Wednesday, 22 August 2018
Statements by Senators
Williamson, Ms Angela; Cricket Australia
I rise to speak about the extraordinary story of a young Tasmanian woman, Ms Angela Williamson, who was sacked by Cricket Australia because of her advocacy for women's health. In January this year, Will Hodgman's conservative Liberal government let the only Tasmanian abortion clinic close. This meant that Tasmanian women who made the difficult decision to seek a legal abortion were forced to travel to Melbourne to have a termination. Ms Williamson was one of the first women to have to make that trip, which she did at her own expense. It cost her thousands of dollars and meant leaving her family behind. She has expressed how she felt:
I wouldn't have had to do this if abortion was accessible in Tasmania …
On my way home on the plane I was so upset I decided I couldn't stay silent about this injustice. I took to Twitter—on a personal account—describing the turmoil I went through as a 'disgrace'. Then, because I spoke up for women across Tasmania, Cricket Australia fired me.
Is this Australia? Is this 2018?
Being frustrated and upset, she made some criticisms on Twitter of the Hodgman government's disgraceful and sluggish response to the lack of abortion services, including its rejection of a motion to re-establish those services through public hospitals. A senior staffer of the Hodgman government, whether of her own volition or following a direction, used a fake identity to send screenshots of Ms Williamson's tweets to Cricket Australia. Just days after an appointment with Michael Ferguson, Tasmania's health minister, to privately discuss her experience, Angela's tweets were examined, her employer was alerted, her private health information was disclosed and she was fired. At the end of June, two weeks after being the beneficiary of a $240,000 grant from the Hodgman government that was negotiated by Ms Williamson in her role as Cricket Australia's government relations and infrastructure manager in Tasmania, Cricket Australia sacked Ms Williamson.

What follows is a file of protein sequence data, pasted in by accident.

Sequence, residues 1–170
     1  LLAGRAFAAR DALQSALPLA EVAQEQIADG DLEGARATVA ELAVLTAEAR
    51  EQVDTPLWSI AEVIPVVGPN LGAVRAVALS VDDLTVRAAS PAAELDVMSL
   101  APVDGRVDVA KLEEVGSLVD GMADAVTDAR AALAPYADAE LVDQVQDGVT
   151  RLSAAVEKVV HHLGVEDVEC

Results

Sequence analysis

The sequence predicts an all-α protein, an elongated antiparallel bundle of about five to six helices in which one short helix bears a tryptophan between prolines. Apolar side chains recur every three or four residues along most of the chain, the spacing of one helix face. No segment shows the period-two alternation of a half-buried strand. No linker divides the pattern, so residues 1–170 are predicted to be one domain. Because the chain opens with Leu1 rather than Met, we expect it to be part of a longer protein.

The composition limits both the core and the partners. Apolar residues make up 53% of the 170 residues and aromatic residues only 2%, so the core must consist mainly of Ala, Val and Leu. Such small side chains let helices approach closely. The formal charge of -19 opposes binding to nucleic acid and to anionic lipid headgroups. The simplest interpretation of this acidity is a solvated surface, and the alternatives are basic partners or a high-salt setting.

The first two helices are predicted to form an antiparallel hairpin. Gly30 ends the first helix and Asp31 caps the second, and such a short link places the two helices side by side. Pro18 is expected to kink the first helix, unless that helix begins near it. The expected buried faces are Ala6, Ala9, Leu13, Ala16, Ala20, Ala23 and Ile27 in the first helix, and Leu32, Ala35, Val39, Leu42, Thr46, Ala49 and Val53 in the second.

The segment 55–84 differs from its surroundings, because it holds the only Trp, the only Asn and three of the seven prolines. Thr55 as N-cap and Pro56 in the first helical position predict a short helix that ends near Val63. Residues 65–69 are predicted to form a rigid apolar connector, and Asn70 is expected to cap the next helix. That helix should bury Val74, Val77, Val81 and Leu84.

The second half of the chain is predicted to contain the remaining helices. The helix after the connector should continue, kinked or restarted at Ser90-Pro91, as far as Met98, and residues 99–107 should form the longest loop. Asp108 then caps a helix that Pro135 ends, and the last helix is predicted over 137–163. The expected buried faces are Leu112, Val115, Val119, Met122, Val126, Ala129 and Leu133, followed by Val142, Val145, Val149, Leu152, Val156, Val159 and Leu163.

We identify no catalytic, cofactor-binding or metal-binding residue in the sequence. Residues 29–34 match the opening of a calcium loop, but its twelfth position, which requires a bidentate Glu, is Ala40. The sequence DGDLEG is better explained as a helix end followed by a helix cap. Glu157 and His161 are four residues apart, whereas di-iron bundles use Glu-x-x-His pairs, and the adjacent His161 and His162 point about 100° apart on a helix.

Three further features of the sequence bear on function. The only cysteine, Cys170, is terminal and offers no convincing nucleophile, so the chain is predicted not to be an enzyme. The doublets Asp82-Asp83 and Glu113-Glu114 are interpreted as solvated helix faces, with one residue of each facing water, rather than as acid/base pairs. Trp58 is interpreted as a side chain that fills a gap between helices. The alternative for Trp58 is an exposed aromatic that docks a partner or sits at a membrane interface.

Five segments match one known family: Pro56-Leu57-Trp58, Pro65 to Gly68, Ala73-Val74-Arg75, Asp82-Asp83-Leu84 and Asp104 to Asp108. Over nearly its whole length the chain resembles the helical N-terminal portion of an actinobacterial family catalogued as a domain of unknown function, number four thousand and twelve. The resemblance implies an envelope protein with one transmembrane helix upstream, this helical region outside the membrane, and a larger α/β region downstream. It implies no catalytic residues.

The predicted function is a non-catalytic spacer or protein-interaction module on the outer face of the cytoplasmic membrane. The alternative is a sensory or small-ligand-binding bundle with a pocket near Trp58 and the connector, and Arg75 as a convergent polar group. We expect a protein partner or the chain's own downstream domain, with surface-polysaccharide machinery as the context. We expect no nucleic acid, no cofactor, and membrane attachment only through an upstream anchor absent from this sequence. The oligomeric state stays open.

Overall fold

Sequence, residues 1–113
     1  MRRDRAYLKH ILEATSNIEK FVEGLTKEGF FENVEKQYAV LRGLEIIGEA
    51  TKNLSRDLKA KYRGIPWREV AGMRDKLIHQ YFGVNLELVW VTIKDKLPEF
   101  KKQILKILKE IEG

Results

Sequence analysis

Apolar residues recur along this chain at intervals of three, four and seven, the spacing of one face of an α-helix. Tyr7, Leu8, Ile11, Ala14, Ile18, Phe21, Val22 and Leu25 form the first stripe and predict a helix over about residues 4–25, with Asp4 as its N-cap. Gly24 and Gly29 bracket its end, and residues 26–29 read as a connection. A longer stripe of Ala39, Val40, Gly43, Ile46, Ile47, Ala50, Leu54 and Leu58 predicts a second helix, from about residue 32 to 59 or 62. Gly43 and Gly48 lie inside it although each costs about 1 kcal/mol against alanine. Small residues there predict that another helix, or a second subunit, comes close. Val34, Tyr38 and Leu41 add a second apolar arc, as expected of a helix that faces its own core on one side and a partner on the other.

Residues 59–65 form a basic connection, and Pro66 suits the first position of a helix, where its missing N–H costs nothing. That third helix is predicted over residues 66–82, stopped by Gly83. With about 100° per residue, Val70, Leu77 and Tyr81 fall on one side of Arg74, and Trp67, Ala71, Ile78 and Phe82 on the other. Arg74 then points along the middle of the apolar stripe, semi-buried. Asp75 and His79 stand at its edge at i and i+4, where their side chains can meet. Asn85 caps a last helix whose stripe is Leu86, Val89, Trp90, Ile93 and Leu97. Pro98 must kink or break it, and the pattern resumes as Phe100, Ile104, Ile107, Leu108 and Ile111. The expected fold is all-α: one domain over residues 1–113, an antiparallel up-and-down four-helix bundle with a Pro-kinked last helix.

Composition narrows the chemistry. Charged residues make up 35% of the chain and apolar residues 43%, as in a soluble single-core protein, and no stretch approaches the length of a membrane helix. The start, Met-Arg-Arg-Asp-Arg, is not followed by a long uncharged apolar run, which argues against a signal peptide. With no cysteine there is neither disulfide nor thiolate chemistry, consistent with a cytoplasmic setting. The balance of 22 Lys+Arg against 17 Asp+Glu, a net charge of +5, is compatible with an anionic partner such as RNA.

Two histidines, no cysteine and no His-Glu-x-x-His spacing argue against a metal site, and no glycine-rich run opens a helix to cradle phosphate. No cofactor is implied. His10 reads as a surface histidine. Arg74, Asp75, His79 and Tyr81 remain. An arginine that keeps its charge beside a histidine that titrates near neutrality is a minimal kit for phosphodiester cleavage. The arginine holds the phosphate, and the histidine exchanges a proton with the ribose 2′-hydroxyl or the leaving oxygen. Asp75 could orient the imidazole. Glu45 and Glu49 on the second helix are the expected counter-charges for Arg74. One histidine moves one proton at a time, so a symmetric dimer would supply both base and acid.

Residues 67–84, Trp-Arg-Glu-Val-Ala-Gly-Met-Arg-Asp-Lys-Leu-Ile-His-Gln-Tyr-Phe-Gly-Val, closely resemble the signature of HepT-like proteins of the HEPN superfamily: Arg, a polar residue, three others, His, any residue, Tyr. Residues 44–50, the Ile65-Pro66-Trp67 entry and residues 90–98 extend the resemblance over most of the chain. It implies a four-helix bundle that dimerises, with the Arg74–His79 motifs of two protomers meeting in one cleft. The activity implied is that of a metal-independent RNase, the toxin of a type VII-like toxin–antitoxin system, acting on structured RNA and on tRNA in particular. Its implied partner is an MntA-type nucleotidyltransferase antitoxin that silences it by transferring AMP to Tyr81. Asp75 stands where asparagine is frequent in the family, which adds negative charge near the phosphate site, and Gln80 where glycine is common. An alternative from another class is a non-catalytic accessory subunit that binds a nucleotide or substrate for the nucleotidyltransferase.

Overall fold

Ultimately, Angela Williamson's offensive comments amounted to advocacy for women's health. No due process, no appeal, no review—sacked. As John Birmingham pointed out, Cricket Australia:
… has no legal authority to decide what makes a comment offensive, and it has never even tried to explain how Williamson contravened any written policy of her employer.
Angela was sacked for having an opinion that had nothing to do with her job. Ms Williamson has rightly taken Cricket Australia to the Fair Work Commission to seek restitution for her unfair dismissal and I hope the outcome will disclose the truth of this shocking saga.
The role of both the Hodgman government and its conservative health minister in this abuse of power should not be ignored. It is well known that Michael Ferguson has very conservative views on women's health, and it's fair to ask whether his actions have been motivated by that ideology. Ms Williamson campaigned for women's health and called out poor government decision-making for all Tasmanian women and girls. Angela knows she is not alone in this fight, and, like so many people, I stand with Angela.